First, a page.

A hazy weave of organic instrumentation and slide guitar.
James Skinner 2010
Ray LaMontagne is blessed with a voice that emits weary melancholy with the best of them. More than this, his husky pipes retain the power to soothe even when they speak in terms of heartache, resulting in a highly unlikely success story: a Billboard-bothering singer so reluctant to be in the spotlight that he rarely grants interviews and refuses to make videos for his songs.
That said, a cynic might point towards the raft of glossy US television shows that have employed his gift for slow-burning balladry as making up for this lack of audiovisual presence. If you watch television at all, chances are you’ll have heard the singer accentuating some teary farewell or untimely departure.
His fourth LP is the first in which Americana go-to guy Ethan Johns doesn’t feature in any capacity; instead it’s entirely self-produced, and LaMontagne boosts his backing players up to ‘Pariah Dog’ status. It is no great leap from his earlier work, though, and certainly the whole thing sounds gorgeous – a hazy weave of organic instrumentation and slide guitar over which LaMontagne steers his narratives.
Yet it’s hard to escape the feeling that something is missing here – perhaps the drama that marked his preceding Gossip in the Grain’s best tracks. Although bookended by a couple of belters – the opening Repo Man is a flurry of riffs and resentment while The Devil’s in the Jukebox is dirty, loose and all the better for it – the record often lapses into one-paced tedium, reaching a nadir of sorts on Are We Really Through, which is so waterlogged by cliché and easy metaphor that it sounds almost purpose-built for television montage duties.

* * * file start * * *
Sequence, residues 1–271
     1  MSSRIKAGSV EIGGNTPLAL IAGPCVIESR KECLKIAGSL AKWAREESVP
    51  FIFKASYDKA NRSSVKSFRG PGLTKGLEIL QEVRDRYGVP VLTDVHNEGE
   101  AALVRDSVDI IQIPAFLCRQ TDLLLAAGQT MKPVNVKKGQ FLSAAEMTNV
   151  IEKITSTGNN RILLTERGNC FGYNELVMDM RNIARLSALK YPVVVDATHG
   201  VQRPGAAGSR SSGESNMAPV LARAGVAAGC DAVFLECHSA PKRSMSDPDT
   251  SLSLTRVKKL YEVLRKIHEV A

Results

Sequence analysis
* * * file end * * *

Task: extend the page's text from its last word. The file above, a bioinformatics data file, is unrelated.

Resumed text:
For all that, this album will undoubtedly please fans of the singer, and LaMontagne occasionally approximates his idols with skill and affection, losing nothing in the process (the ghost of Van Morrison in particular haunts This Love Is Over, easily a high point). The better songs here don’t quite rescue the disc, but they do suggest that LaMontagne can step outside his comfort zone when he chooses to – it’s just a shame how rarely that occurs.
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